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Many organizations have been looking to the internet to bring the long-heralded promises of “better, faster, cheaper” data to organizational decision-making, and specifically to business and financial reporting. An emerging technology standard, eXtensible Business Reporting Language (XBRL), promises to web-enable the financial reporting process for both preparers and consumers.
Tags: XBRL, newbies
Type: web page
This presentation provides details of XBRL-related topics specific to the CPA profession. The slide deck consists of 43 slides. Prepared in February 2010.
The purpose of this paper is to define XBRL, explore the implications of XBRL on auditing, and discuss the advantages and disadvantages of this form of financial reporting. The SEC is now requiring companies to submit financial statements in the XBRL format. A subset of XML (eXtensible Markup Langage), XBRL (eXtensible Business Reporting Language) standardizes the electronic communication of financial data around the world. XBRL will provide benefits, cost savings, increased efficiency, improved accuracy and reliability in the analysis and communication of business information.
What is XBRL?
XBRL stands for eXtensible Business Reporting Language, and it is a language for the electronic communication of business and financial data worldwide. As one of the family of "XML" languages, it is becoming a standard means of communicating information between businesses and on the internet.
XBRL is being developed by an international non-profit consortium of approximately 450 major companies, organisations and government agencies. It is an open standard, free of licence fees. It is already being put to practical use in a number of countries and implementations of XBRL are growing rapidly around the world. (Source: http://www.xbrl.org/)
Providing major benefits in the preparation, analysis and communication of business information, XBRL offers cost savings, greater efficiency, and improved accuracy and reliability to all those involved in supplying or using financial data.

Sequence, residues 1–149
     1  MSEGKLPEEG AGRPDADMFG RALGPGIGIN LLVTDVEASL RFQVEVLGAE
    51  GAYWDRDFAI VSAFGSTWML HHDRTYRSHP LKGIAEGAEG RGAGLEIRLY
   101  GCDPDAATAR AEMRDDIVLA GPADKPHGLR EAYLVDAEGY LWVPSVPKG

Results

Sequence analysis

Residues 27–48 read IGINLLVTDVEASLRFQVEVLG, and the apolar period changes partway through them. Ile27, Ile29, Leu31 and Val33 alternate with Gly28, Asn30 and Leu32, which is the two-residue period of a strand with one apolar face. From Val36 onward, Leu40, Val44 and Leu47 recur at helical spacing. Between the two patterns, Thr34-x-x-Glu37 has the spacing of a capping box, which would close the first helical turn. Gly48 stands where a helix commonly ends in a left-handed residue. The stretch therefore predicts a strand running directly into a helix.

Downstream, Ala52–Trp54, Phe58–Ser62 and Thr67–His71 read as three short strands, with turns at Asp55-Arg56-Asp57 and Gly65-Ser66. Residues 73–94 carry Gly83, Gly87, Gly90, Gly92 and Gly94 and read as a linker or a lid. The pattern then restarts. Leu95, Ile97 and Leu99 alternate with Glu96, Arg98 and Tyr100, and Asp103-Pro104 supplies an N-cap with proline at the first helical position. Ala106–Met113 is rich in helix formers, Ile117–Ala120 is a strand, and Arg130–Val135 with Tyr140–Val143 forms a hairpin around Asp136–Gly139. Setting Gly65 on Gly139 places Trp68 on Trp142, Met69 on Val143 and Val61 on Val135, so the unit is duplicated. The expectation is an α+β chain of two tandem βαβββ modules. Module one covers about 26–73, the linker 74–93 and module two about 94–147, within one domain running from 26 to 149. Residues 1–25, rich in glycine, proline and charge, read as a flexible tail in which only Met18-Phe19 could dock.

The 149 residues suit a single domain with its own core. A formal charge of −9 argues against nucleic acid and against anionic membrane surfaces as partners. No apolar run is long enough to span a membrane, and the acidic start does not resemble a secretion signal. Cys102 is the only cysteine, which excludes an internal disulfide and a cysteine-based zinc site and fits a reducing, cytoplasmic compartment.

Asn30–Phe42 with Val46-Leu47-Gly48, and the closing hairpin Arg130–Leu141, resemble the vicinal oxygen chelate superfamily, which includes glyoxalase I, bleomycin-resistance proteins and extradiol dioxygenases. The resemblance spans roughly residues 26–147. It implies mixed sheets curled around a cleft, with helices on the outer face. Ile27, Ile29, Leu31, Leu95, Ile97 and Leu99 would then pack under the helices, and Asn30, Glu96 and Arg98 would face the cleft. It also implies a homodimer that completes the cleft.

The American Institute of Certified Public Accountants is the national, professional organization for all Certified Public Accountants. Its mission is to provide members with the resources, information, and leadership that enable them to provide valuable services in the highest professional manner to benefit the public as well as employers and clients.
In fulfilling its mission, the AICPA has developed a number of materials introducing XBRL and information about XBRL. This link will take you to a number of XBRL resources available from the AICPA.
In this paper we study all Israeli public companies and analyze their XBRL-tagged financial statements that are available on MAGNA, the Israel Securities Authority’s electronic system. We describe the unique process by which the XBRL-based data was collected and reported. In addition we examine these companies’ original full body Hebrew-based financial statements. We document deficiencies in the XBRL-tagged filings, and inconsistencies between them and the Hebrew-based annual reports. Further, we conduct numerous interviews with professionals in the American and Israeli financial communities to gain additional insight on the conversion. This unique analysis allows us to better understand the benefits and challenges of the adoption of XBRL, particularly when coupled with the adoption of IFRS.
An Evaluation of the Current State and Future of XBRL and Interactive Data for Investors and Analysts
As early promoters of “interactive data,” Columbia Business School’s Center for Excellence in Accounting and Security Analysis (CEASA) undertook a review of the state of XBRL and interactive data with a focus on their utility for security analysis. This project involved interviews with representatives of the various stakeholders (i.e., preparers, regulators, analysts and investors, XBRL developers, data aggregators, and XBRL filing and consumption tool vendors), and an in-depth discussion with and survey of investors and analysts. The survey and interview questions, and our conclusions, were organized around the original vision for interactive data—i.e., that data in this format would provide incrementally more relevant, timely, and reliable information to more end users, who could then manipulate and organize the data according to their own purposes at a lower cost.
This web site provides an overview of XBRL from the perspective of the Accounting Profession. This website also provides links to various other sources.